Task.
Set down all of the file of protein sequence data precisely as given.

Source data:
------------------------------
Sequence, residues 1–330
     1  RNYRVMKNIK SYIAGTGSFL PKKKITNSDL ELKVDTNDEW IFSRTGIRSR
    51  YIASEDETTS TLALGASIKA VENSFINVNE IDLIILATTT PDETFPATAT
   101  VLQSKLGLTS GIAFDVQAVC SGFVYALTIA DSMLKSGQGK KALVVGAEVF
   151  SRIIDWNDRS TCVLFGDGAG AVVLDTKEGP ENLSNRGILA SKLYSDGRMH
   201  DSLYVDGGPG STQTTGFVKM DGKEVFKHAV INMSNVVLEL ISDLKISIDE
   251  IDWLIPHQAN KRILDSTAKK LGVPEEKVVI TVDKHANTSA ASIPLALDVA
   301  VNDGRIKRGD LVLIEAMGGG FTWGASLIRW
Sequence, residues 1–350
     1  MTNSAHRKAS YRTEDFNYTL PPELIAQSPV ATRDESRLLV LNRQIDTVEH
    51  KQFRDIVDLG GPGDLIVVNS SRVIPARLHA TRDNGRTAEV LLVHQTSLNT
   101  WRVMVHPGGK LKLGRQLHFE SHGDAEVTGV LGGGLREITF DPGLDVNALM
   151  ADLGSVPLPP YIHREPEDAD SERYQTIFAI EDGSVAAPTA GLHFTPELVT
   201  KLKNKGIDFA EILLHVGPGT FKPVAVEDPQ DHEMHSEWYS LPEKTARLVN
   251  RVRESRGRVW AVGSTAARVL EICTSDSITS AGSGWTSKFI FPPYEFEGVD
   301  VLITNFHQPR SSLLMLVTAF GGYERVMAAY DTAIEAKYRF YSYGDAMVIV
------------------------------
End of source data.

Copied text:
Sequence, residues 1–330
     1  RNYRVMKNIK SYIAGTGSFL PKKKITNSDL ELKVDTNDEW IFSRTGIRSR
    51  YIASEDETTS TLALGASIKA VENSFINVNE IDLIILATTT PDETFPATAT
   101  VLQSKLGLTS GIAFDVQAVC SGFVYALTIA DSMLKSGQGK KALVVGAEVF
   151  SRIIDWNDRS TCVLFGDGAG AVVLDTKEGP ENLSNRGILA SKLYSDGRMH
   201  DSLYVDGGPG STQTTGFVKM DGKEVFKHAV INMSNVVLEL ISDLKISIDE
   251  IDWLIPHQAN KRILDSTAKK LGVPEEKVVI TVDKHANTSA ASIPLALDVA
   301  VNDGRIKRGD LVLIEAMGGG FTWGASLIRW
Sequence, residues 1–350
     1  MTNSAHRKAS YRTEDFNYTL PPELIAQSPV ATRDESRLLV LNRQIDTVEH
    51  KQFRDIVDLG GPGDLIVVNS SRVIPARLHA TRDNGRTAEV LLVHQTSLNT
   101  WRVMVHPGGK LKLGRQLHFE SHGDAEVTGV LGGGLREITF DPGLDVNALM
   151  ADLGSVPLPP YIHREPEDAD SERYQTIFAI EDGSVAAPTA GLHFTPELVT
   201  KLKNKGIDFA EILLHVGPGT FKPVAVEDPQ DHEMHSEWYS LPEKTARLVN
   251  RVRESRGRVW AVGSTAARVL EICTSDSITS AGSGWTSKFI FPPYEFEGVD
   301  VLITNFHQPR SSLLMLVTAF GGYERVMAAY DTAIEAKYRF YSYGDAMVIV